Further reading and links

This is not an exhaustive list by any means. We are keen to include more diversity here.

Please feel free to let us know of other resources you come across

Suggestions for Further Reading and links to meaningful videos – There is plenty from America but virtually nothing from the UK. One exception is a brief article on anticipatory grief in the context of a pandemic when having lost a grandparent.

A key resource from America is the website grief stories of medical students written by renowned Johanna Shapiro who earned her B.A., MA (Counseling Psychology), and PhD (Counseling/Women’s Studies) from Stanford University. Johanna is Professor of Family Medicine and founder and director of the Program in Medical Humanities & Arts, University of California Irvine, School of Medicine. Her book, The Inner World of Medical Students: Listening to Their Voices in Poetry, is a critical analysis of important themes in the socialization process of medical students as expressed through their creative writing.

Association of American Medical Colleges: “some medical students, residents, and medical school faculty who have had to endure their personal grief on top of the heightened stress of medical training during a pandemic.” The article on how medical students cope with personal loss during covid-19 has more detail on what is actually involved with managing this challenge.

An American Medical Student describes loss of her father whilst she is at medical school.

An American philosopher website Midnight Gospel which holds podcasts of interviews with different people about various philosophical matters. Duncan’s Mom Part 1 is a discussion with his mother about her impending death. Duncan’s Mom Part 2 continues on with this profound conversation.

An American medical student talks about deaths she has encountered on placement.


The Grieving Brain by Mary-Frances O’Connor (2022) covers the science as well as meaning behind the grieving process. There is an excellent interview and review of the book here. Mary-Frances sees grieving as a type of learning aimed at restoring a meaningful life whilst carrying the absence of the loved one. She normalizes having a wide ranging toolkit of responses such as task-focused, instrumental, coping or being avoidant, or even in denial, depending on where you are in your process. She believes there are as many different ways to grieve as there are to love.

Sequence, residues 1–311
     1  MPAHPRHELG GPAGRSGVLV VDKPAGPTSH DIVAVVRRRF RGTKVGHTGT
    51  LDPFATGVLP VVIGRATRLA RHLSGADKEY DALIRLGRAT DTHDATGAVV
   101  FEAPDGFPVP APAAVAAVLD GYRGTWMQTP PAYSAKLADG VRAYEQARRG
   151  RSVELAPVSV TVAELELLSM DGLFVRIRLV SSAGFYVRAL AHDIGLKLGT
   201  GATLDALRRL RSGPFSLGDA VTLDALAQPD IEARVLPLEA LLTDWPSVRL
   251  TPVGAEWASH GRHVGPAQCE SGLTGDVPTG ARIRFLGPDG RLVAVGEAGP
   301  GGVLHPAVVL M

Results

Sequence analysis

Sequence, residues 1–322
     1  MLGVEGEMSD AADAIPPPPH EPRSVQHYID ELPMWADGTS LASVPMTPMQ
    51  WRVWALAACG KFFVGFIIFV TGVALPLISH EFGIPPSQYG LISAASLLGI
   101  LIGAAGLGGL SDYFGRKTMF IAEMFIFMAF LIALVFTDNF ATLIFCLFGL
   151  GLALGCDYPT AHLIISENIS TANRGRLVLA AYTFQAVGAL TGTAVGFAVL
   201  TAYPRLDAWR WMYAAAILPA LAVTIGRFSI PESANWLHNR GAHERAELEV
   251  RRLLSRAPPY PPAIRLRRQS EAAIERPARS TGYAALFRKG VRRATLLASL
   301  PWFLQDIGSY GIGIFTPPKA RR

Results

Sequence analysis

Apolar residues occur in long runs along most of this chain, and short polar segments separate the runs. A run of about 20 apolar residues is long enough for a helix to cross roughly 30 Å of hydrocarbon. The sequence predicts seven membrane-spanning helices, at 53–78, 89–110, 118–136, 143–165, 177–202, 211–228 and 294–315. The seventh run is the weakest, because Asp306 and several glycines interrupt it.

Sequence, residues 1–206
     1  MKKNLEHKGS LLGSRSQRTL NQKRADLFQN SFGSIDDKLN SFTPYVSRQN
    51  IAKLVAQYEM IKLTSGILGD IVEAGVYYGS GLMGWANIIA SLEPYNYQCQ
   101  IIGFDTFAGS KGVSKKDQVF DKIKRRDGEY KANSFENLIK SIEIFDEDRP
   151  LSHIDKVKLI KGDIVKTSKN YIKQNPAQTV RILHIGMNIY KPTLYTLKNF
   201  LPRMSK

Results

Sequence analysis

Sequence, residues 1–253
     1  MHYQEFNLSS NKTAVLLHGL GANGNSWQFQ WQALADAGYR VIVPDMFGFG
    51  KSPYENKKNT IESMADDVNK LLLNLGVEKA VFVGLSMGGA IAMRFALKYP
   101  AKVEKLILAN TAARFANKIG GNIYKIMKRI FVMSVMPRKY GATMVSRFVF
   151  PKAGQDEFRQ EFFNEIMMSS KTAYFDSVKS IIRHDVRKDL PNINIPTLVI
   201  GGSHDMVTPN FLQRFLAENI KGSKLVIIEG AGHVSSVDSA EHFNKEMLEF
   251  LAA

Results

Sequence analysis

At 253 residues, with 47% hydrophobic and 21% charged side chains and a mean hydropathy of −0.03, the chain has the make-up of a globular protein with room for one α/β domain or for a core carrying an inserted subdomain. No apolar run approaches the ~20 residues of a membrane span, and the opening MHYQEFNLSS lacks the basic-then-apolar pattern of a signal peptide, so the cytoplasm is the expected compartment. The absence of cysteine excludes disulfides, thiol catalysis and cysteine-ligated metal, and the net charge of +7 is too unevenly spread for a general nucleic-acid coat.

On explaining death, Dr Kathryn Mannix has a number of resources including With the end in Mind and there is a useful video describing the dying process here.

Atul Gwande has written about death and meaning in Being Mortal and how to have the hard conversations that ensure we never sacrifice what people really care about. “Being Mortal shows that the ultimate goal is not a good death but a good life – all the way to the very end”.

Paul Kalathini wrote about his own dying and what really matters in life in When Breath becomes Air. There is a review by Henry Marsh who himself wrote And finally, matters of Life and Death about what matters most in the end.

There are many more books to explore if you are interested in death and dying generally: Living with Dying: Finding Care and Compassion at the End of Life; The Way we die now; The Denial of Death; All that remains; Modern Death and Your Life in My Hands


These help to explore the grieving process and the dilemmas that people face between their own internal processes and social expectations: A Monster Calls; Departures; The Wind Rises; Truly Madly Deeply; Big Fish; Up; A Little Chaos; Bridge to Terabithia; My Name is Khan; Whale Rider; Wild; The Secret of Roan Inish and Amy.

Further links

NHS help with grief and loss
Useful links to other organizations
Do’s and don’t suggestions

Student Minds
Useful links to student space https://studentspace.org.uk/
Looking after your mental well-being https://www.studentminds.org.uk/lookingafteryourmentalwellbeing.html

CRUSE Bereavement support and counselling is an option if you want to talk to someone outside of a medical school or healthcare situation.

Blog on how to cope with the loss of a loved one while at university
UK based student describes some common reactions in a post dated 2020 and another one describes what to keep in mind.


Please connect with us on social media or in the comments section


Creating a learning community of bereaved medical students – what’s next?
October 2022

How to balance Task Focused versus Emotional Coping – to defer or not to defer?
November 2022

Dual role of medical students & family member – complex relationships & impact on grief
December 2022